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{{Chapter|Myocardial Infarction}}
 
{{Chapter|Myocardial Infarction}}
 
[[Image:PathoQ.png|thumb| A pathologic Q wave]]
 
[[Image:PathoQ.png|thumb| A pathologic Q wave]]
Pathologic Q waves are a sign of '''previous [[Myocardial Infarction|myocardial infarction]]'''. The are the result of absence of electrical activity. A myocardial infarction can be thought of as an elecrical 'hole' as scar tissue is electrically dead and therefore results in pathologic Q waves. Pathologic Q waves are not an early sign of myocardial infarction, but '''generally take several hours to days to develop'''. Once pathologic Q waves have developed they rarely go away. However, if the myocardial infarction is reperfused early (e.g. as a result of percutaneous coronary intervention) stunned myocardial tissue can recover and pathologic Q waves disappear. In all other situations they '''usually persist indefinitely'''.
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Pathologic Q waves are a sign of '''previous [[Myocardial Infarction|myocardial infarction]]'''. They are the result of absence of electrical activity. A myocardial infarction can be thought of as an elecrical 'hole' as scar tissue is electrically dead and therefore results in pathologic Q waves. Pathologic Q waves are not an early sign of myocardial infarction, but '''generally take several hours to days to develop'''. Once pathologic Q waves have developed they rarely go away. However, if the myocardial infarction is reperfused early (e.g. as a result of percutaneous coronary intervention) stunned myocardial tissue can recover and pathologic Q waves disappear. In all other situations they '''usually persist indefinitely'''.
    
The precise criteria for pathologic Q waves have been debated. Here we present the latest definition as accepted by the ESC and ACC.<cite>Thygesen</cite>
 
The precise criteria for pathologic Q waves have been debated. Here we present the latest definition as accepted by the ESC and ACC.<cite>Thygesen</cite>
    
;Definition of a pathologic Q wave
 
;Definition of a pathologic Q wave
:Any Q-wave in leads V2–V3 >= 0.02 s or QS complex in leads V2 and V3
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:Any Q-wave in leads V2–V3 0.02 s or QS complex in leads V2 and V3
:Q-wave >= 0.03 s and > 0.1 mV deep or QS complex in leads I, II, aVL, aVF, or V4–V6 in any two leads of a contiguous lead grouping (I, aVL,V6; V4–V6; II, III, and aVF)
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:Q-wave 0.03 s and > 0.1 mV deep or QS complex in leads I, II, aVL, aVF, or V4–V6 in any two leads of a contiguous lead grouping (I, aVL,V6; V4–V6; II, III, and aVF)
:R-wave >= 0.04 s in V1–V2 and R/S > 1 with a concordant positive T-wave in the
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:R-wave 0.04 s in V1–V2 and R/S 1 with a concordant positive T-wave in the absence of a conduction defect
absence of a conduction defect
      
'''Notes'''
 
'''Notes'''
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For those interested: the [http://www.epi.umn.edu/ecg/mncode.pdf Minnesota Code Classification System for Electrocardiographic Findings] contains a very extensive definition of pathologic Q waves.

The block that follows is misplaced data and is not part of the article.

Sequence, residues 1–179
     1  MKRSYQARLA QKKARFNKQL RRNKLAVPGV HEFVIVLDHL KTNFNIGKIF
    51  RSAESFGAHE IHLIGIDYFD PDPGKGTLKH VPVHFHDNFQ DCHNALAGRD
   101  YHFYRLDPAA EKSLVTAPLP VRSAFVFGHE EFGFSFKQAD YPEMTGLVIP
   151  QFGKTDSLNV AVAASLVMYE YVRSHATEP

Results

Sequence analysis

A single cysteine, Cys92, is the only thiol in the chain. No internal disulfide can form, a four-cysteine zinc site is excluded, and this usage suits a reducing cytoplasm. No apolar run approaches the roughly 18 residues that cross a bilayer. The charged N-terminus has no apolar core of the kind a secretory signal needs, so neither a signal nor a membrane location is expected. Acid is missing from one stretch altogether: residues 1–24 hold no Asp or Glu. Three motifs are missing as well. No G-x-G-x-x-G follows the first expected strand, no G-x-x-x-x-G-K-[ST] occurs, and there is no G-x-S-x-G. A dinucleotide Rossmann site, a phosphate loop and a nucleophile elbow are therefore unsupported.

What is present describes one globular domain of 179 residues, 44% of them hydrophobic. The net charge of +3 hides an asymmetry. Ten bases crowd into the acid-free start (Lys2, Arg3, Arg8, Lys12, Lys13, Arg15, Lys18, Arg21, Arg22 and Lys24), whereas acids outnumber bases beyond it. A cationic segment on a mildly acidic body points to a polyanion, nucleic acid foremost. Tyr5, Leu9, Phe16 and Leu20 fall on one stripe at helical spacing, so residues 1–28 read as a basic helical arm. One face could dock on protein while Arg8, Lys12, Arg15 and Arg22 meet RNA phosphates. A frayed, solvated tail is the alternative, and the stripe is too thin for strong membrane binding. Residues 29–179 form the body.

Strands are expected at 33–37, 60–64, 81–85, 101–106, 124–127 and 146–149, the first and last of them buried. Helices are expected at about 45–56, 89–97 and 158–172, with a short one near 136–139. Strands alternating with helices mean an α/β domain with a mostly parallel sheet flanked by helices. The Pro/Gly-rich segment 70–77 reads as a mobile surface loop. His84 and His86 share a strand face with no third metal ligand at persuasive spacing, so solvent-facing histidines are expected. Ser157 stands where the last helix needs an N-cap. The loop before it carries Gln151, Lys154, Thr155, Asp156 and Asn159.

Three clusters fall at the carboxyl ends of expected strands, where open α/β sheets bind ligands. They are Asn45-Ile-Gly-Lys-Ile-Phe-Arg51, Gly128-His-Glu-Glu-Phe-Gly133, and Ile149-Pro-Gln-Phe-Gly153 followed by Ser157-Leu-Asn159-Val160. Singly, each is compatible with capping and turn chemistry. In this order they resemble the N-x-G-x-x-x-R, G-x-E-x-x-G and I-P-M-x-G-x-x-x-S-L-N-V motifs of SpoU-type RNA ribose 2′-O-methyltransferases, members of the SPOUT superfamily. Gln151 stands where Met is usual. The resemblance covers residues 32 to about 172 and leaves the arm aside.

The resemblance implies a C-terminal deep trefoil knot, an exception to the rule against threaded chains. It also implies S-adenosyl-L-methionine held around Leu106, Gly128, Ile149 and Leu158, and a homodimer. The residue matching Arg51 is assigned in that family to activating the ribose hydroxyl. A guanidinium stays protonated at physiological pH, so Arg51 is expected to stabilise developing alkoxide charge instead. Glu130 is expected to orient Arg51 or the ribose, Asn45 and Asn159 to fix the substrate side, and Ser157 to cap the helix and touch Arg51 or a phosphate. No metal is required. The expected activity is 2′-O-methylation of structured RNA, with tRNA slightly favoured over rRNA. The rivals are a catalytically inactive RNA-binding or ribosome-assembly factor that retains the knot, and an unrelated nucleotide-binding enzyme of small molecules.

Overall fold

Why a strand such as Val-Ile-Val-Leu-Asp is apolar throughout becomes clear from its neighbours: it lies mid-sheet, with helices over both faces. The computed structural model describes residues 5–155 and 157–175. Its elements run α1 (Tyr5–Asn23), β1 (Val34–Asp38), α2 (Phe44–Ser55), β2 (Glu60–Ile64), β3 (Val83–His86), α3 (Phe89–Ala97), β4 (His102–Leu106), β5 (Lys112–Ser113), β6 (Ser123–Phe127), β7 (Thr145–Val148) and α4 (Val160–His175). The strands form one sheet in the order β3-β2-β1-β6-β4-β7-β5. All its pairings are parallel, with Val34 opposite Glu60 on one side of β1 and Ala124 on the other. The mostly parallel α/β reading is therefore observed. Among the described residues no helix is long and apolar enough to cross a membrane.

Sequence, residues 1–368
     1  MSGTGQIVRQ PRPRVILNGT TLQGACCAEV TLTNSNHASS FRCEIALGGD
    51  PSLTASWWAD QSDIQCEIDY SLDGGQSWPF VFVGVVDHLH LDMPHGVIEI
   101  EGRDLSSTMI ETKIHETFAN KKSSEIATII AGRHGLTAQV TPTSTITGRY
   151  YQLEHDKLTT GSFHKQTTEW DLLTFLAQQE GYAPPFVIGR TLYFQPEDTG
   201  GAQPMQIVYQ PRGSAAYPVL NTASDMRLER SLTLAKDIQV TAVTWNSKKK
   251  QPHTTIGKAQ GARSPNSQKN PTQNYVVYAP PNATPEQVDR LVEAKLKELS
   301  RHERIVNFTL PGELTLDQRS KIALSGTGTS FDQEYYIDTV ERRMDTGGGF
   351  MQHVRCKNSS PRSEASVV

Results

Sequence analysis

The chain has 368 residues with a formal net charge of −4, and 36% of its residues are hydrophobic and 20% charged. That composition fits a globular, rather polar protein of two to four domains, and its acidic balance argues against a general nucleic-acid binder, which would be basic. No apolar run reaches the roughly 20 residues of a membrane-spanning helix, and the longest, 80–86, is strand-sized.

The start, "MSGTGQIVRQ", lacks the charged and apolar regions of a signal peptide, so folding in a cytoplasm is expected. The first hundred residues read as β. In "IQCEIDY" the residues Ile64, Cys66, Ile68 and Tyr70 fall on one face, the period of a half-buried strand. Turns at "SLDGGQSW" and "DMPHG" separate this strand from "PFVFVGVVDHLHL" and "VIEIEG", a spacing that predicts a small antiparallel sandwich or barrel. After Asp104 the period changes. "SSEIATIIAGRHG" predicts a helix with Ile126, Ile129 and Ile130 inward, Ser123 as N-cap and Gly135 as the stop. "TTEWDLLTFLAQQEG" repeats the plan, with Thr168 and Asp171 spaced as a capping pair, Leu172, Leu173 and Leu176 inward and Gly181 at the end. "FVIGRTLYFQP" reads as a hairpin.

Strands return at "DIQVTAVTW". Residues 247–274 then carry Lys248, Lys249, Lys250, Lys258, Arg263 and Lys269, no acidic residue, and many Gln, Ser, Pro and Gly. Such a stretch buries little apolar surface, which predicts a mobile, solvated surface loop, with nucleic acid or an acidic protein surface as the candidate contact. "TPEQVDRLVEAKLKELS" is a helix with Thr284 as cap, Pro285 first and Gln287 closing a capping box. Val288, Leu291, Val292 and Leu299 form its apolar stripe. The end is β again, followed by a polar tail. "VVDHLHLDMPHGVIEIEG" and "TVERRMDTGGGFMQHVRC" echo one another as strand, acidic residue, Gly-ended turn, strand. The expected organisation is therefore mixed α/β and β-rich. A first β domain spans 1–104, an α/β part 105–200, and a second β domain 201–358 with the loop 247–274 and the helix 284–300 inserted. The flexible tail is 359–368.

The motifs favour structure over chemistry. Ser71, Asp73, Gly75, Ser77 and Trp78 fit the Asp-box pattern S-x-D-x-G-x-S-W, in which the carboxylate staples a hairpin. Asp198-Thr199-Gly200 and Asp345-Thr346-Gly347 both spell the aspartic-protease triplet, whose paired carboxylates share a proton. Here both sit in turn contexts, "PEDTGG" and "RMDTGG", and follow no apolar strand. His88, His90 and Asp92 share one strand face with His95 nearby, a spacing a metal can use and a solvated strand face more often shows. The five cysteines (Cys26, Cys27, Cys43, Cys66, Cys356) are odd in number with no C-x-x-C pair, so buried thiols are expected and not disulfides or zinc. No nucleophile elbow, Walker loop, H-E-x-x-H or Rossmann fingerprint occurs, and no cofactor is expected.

For those interested: the [http://www.epi.umn.edu/ecg/mncode.pdf Minnesota Code Classification System for Electrocardiographic Findings] contains a very extensive definition of pathologic Q waves.  
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The Novacode system further classifies ischemic abnormalities in patients with no known history of myocardial infarction:<cite>novacode</cite>
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* High risk of ischemic injury/ Q wave MI:
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** Major Q waves: Q >= 50ms or Q >= 40 ms AND R/Q < 4,
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* Moderate risk of ischemc injury / possible Q wave MI:
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** Q >= 30 ms and ST deviation > 0.20 mV (minor Q waves with STT abnormalities)
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** Q >= 40 ms and ST deviation < 0.20mV (moderate Q waves without STT abnormalities)
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* Marginal risk of ischemic injury / possible Q wave MI:
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** Isolated T wave abnormalities
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** Minor Q waves (shallow Q < 30ms) and ST deviation < 0.15 mV
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* Low risk of ischemic injury
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** No significant Q waves or STT abnormalities
    
{{clr}}
 
{{clr}}
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#Alpert pmid=10987628
 
#Alpert pmid=10987628
 
#Thygesen pmid=17951284
 
#Thygesen pmid=17951284
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#novacode pmid=9682893
 
</biblio>
 
</biblio>

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